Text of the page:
Tuesday, June 29, 2010

Cycle Tracks and Bike Boxes in Vancouver

Now that Pennsylvania Avenue's partially separated two-way bike lanes are officially open in DC it's time to take a look at the two way cycle track on Dunsmuir St in Vancouver, BC. There are some pretty innovative features that makes this cycle track worth more than just a mention. The raised pavement bus stop shown at 2:02 is something that can help address SEPTA's objection to bike facilities on bus routes (more on that in an upcoming post). Perhaps the most relevant part of the video is at the 1:51 mark in the film that demonstrates how a cyclist can use a bike box to execute a left turn.

Video Link

Two way cycle tracks are tricky to design, it will be interesting to see how long it will take for drivers to adjust to the new traffic pattern. This video shows a problem with one of the unsignalized intersections. It's a gotcha moment for some vehicular cyclists, who might consider the 2 way cycle track a gold plated sidepath. But to us it looks likes a problem that can be mitigated. Furthermore it is also a case of not letting the perfect be the enemy of the good.

Video Link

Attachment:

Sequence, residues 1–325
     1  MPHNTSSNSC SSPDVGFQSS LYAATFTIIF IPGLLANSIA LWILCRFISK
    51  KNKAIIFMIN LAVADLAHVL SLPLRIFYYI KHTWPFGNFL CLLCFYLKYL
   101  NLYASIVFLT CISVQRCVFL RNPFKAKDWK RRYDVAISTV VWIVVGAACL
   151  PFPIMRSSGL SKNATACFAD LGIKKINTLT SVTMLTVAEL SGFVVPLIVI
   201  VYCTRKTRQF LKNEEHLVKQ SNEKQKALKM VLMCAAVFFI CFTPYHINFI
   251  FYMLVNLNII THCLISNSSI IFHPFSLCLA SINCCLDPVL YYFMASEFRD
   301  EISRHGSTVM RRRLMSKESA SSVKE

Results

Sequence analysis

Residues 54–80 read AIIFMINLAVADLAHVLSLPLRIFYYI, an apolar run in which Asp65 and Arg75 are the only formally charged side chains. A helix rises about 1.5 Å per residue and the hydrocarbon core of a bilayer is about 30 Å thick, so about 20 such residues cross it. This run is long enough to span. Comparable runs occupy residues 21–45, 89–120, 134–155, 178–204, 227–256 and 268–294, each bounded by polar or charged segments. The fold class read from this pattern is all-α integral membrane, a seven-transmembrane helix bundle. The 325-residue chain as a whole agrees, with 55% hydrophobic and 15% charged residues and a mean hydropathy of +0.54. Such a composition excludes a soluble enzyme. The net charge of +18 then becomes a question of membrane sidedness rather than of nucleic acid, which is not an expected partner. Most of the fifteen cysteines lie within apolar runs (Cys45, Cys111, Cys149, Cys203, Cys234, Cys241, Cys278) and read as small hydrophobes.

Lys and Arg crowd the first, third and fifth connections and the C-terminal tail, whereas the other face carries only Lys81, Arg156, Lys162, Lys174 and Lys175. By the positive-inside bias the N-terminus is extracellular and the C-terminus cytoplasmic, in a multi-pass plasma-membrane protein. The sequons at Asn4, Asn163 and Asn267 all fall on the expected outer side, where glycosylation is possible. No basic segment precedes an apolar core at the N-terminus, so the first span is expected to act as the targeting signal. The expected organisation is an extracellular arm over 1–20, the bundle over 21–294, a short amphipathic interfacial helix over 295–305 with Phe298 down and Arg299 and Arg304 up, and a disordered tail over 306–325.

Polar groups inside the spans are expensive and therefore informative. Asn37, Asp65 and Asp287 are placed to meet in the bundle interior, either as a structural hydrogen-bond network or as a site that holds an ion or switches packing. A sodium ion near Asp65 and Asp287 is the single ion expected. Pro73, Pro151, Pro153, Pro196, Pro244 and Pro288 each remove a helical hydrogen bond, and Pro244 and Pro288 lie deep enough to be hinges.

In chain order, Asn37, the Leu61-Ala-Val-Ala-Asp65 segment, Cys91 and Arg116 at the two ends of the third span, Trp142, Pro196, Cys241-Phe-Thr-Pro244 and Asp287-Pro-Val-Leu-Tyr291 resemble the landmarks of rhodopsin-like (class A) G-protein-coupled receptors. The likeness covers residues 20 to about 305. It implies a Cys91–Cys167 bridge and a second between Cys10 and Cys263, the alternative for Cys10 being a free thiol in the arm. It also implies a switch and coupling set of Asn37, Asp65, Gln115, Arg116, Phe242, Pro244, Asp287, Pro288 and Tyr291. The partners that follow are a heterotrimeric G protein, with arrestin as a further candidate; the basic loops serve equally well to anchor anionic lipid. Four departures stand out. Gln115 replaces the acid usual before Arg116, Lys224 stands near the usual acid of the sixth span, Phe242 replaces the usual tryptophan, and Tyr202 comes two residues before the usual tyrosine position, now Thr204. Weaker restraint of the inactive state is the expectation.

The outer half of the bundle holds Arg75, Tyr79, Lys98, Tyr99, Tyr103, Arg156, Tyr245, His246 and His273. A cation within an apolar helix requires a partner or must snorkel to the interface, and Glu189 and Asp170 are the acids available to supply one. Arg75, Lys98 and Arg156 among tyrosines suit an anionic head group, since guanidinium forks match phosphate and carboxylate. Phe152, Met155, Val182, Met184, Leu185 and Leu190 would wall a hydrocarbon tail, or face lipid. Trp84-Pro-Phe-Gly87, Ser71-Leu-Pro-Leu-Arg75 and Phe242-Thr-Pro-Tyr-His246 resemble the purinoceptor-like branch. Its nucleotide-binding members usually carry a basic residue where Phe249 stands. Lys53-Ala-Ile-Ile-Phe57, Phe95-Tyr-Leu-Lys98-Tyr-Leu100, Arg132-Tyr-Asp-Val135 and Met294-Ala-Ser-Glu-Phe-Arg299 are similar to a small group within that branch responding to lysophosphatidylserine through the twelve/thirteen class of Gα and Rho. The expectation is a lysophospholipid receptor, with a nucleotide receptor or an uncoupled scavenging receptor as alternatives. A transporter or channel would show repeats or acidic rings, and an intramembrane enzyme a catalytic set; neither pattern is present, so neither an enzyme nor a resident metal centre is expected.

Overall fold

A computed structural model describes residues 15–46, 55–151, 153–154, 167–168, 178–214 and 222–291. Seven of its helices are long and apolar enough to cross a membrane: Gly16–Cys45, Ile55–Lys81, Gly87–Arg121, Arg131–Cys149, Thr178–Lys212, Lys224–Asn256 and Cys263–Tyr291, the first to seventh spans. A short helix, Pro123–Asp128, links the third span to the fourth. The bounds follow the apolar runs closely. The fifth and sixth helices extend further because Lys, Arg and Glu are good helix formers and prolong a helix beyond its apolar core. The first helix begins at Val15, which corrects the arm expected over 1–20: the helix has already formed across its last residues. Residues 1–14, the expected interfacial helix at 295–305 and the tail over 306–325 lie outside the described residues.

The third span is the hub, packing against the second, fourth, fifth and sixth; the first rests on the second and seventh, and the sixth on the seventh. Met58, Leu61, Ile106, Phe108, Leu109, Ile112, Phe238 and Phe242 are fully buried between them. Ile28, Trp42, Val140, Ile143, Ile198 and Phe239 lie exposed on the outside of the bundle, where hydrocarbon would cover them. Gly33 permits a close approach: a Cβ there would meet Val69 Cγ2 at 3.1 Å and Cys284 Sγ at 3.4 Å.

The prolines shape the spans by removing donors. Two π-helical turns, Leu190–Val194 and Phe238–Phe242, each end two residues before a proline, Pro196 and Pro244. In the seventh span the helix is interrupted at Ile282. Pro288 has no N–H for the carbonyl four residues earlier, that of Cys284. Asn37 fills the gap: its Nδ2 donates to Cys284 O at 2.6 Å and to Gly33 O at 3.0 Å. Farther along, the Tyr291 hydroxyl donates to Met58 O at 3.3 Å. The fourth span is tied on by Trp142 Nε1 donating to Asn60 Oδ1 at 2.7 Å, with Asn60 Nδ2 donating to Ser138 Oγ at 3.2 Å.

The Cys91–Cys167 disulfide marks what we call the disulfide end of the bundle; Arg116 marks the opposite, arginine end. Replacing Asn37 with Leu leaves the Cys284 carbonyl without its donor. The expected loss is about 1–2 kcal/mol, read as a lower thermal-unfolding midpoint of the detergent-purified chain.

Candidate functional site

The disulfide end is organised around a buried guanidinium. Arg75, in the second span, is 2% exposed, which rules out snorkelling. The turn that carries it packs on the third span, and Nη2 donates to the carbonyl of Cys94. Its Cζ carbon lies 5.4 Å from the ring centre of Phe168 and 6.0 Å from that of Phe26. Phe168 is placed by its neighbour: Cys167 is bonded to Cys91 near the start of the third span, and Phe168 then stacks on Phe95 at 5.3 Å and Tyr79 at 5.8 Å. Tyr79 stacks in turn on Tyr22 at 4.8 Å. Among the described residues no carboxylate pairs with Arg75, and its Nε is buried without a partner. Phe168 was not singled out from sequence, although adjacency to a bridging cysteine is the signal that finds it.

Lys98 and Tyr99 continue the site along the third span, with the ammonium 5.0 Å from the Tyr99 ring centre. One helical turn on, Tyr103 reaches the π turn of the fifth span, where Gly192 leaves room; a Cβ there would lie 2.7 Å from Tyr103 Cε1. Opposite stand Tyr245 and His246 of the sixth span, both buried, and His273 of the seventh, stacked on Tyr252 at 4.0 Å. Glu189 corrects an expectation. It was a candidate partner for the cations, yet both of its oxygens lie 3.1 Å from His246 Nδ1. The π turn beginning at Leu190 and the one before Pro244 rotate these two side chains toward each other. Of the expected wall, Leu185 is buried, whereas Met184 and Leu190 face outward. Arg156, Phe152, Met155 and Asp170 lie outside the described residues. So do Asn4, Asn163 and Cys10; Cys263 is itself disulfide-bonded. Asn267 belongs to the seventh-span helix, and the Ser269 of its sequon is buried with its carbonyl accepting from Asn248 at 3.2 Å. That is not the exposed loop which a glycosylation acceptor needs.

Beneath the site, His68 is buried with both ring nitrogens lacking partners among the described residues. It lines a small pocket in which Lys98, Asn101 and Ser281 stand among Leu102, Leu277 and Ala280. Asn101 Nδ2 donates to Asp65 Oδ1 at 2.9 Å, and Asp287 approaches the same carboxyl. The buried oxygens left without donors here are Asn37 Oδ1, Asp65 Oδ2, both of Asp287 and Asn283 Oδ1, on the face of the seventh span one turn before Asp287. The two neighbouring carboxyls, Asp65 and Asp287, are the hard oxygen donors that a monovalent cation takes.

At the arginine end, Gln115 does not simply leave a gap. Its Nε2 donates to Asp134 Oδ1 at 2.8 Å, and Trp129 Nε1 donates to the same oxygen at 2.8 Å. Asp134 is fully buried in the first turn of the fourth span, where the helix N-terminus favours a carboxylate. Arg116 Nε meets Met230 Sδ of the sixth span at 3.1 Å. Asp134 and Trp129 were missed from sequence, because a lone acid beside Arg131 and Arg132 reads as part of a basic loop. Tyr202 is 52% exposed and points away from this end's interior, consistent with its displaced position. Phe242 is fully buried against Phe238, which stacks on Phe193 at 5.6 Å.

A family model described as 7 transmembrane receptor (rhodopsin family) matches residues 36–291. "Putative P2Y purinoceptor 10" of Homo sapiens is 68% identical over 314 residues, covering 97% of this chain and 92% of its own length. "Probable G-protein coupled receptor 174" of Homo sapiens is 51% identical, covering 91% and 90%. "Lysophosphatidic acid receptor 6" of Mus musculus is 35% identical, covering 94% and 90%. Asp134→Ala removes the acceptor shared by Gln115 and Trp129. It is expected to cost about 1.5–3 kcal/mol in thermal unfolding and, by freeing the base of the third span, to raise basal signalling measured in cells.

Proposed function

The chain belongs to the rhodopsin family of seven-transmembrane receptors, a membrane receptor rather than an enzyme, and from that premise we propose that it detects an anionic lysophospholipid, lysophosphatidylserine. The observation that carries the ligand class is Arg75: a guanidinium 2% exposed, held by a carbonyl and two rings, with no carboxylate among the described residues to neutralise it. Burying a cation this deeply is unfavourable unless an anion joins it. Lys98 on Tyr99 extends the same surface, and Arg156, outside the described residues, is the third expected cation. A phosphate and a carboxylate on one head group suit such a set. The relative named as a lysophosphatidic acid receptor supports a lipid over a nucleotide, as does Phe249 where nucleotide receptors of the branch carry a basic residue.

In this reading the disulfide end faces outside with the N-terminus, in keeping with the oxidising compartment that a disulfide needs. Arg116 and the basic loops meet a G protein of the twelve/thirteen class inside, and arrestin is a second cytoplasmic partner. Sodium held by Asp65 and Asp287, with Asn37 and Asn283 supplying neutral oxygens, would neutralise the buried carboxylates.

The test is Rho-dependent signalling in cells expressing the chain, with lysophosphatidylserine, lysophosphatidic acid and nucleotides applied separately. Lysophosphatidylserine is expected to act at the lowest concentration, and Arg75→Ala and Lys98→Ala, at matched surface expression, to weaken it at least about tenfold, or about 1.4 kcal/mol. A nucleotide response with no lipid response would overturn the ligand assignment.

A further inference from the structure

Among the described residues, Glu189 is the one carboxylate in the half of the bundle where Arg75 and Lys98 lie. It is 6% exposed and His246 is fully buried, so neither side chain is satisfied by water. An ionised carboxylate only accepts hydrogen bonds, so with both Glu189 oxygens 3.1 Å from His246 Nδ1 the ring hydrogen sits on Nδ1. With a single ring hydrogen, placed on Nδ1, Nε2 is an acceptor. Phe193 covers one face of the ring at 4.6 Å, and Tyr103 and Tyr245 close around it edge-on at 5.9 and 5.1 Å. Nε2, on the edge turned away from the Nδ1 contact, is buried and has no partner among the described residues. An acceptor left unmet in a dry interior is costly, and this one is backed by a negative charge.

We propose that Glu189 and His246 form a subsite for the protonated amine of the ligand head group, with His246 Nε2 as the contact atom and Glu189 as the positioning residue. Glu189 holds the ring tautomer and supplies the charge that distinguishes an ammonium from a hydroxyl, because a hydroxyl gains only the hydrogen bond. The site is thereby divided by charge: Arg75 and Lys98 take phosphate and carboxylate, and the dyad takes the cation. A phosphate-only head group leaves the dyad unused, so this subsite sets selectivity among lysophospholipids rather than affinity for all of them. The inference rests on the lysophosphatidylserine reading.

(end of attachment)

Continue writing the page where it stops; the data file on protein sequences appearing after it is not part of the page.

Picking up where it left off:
Getting back to the bike box, the City of Philadelphia now has a policy of recessing the stop bar 10 feet from the crosswalk at signalized intersections. It seems that the Streets Department understands the difficulty that cyclists have at intersections but is skittish on the idea of a full blown bike box. In the short term we support this as a good complete streets policy for intersections that do not any have formal bicycle facilities but the City needs to "just do it" and follow the lead of a growing number of cities from coast to coast that are putting in bike boxes. How about Walnut at 22nd for a first stab.

Recessed stop bar Race at 4th
10 Foot Stop Bar

Bike Box Along "The Wiggle" in San Francisco
California's First Green Bike Box

more bike boxes springing up-8.jpg

Madison, WI
Bike box, Wilson eastbound, from wheels

Kingsbridge-Bronx, NY
Bike Box ECG Kingsbridge-Bronx


Peter said...

The city of Copenhagen recently did a study of the before and after effect of bicycle facilities on collisions and injuries. Cycle Tracks caused the largest increase in bicycle/car collisions, mostly at intersections as one would expect. Total accidents and injuries went up around 22%. T

But the worst increase was bicycle/pedestrian collisions as people exiting buses and trying to cross to the sidewalk were hit by bicycles. Bicycle collisions with pedestrians in general went up 88%, but went up 1951% for entering and existing bus passengers.

It is unclear to me why your organization continually pursues facility designs that have been repeatedly proven, in study after study, to be dangerous to road users

John Boyle said...

Show me all the studies that you want, the fact is Copenhagen has dozens of miles of cycle-tracks. 44% of all rush hour trips are taken by bicycle (30X the rate of Philadelphia) yet in 2008 there were only 121 serious bike crash injuries and 5 deaths. Numbers that are very comparable with Philadelphia with its 1.6% bicycle mode share.
Copenhagen 2008 Bicycle report - http://tinyurl.com/yjmle8d